Researchers have investigated a strategy to prevent this “polysulfide shuttling” phenomenon by creating nano-sized sulfur particles, and coating them in silica (SiO2), otherwise known as glass. Image: Nanoscale
Lithium-sulfur has been a hot topic in battery technology recently. Because of its ability to produce 10 times the amount of energy as a conventional battery, we’ve seen novel innovations such as the all solid state lithium-sulfur battery. Now, the li-sulfur battery is getting a glass coating to further improve its performance.
Researchers at the University of California, Riverside have applied a glass cage-like coating, along with graphene oxide, to the li-sulfur battery. This innovation was developed in order to overcome one of the major issues in commercializing the battery – polysulfides, which cause the battery’s capacity to decrease over its lifetime.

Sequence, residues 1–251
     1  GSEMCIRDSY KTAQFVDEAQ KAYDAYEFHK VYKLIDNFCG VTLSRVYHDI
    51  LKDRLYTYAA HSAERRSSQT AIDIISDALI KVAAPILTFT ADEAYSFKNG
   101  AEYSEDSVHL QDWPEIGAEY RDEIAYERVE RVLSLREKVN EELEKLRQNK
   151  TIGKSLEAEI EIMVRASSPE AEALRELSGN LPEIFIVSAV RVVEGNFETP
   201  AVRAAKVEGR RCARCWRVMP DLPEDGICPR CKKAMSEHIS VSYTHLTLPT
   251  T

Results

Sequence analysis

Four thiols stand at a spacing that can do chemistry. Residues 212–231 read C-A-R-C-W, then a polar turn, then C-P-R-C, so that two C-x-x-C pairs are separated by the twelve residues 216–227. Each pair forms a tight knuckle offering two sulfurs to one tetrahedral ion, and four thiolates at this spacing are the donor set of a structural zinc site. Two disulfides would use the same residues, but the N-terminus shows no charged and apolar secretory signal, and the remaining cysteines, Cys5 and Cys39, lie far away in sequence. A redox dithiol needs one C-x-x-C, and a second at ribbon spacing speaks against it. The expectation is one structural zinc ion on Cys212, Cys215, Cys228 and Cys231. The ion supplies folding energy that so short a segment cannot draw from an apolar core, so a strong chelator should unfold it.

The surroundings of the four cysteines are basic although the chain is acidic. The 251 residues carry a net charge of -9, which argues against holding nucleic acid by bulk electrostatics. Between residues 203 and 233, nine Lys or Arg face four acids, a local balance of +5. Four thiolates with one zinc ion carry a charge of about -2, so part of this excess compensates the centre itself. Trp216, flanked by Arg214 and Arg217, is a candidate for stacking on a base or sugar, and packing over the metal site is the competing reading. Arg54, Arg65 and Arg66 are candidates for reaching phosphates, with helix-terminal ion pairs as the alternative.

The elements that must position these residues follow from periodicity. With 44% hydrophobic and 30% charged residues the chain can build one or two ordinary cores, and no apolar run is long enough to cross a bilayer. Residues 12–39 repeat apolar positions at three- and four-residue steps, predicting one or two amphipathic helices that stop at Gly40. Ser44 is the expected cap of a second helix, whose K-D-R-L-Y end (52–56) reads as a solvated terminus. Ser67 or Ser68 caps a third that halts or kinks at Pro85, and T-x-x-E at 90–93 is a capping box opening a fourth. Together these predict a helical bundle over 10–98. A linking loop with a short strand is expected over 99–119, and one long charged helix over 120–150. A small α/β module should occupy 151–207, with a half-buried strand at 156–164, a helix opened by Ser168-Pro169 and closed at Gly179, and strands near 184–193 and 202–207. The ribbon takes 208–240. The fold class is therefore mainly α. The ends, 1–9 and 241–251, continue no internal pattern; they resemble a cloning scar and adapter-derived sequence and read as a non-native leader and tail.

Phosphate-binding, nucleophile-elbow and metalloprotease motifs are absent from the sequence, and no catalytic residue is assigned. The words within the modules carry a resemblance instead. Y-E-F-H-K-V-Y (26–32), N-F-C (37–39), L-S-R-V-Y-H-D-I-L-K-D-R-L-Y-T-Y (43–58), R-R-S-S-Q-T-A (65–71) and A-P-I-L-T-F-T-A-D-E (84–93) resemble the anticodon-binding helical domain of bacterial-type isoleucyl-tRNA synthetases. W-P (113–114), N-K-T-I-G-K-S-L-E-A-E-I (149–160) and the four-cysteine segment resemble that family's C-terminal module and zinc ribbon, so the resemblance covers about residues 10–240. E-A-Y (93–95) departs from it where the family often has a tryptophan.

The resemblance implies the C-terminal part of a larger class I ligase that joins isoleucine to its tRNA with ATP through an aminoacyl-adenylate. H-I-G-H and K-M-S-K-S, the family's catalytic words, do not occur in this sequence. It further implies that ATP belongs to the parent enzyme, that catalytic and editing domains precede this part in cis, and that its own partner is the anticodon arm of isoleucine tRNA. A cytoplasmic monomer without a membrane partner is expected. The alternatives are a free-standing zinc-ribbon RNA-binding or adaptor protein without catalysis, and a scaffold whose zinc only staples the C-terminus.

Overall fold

The cathode material traps the polysulfides in a very thin glass cage. Researchers used an organic precursor to construct the trapping barrier.
The editors of the Journal of The Electrochemical Society (JES) and the ECS Journal of Solid State Science and Technology (JSS) are calling for papers for these upcoming focus issues:
JES Focus Issues:
Electrochemical Interfaces in Energy Storage Systems Submission Deadline: June 1, 2015
Focusing on a better understanding of the mechanism of electronic and ionic transport phenomena across electrode-electrolyte interfaces and solid-state interphases in electrochemical energy storage systems. READ MORE.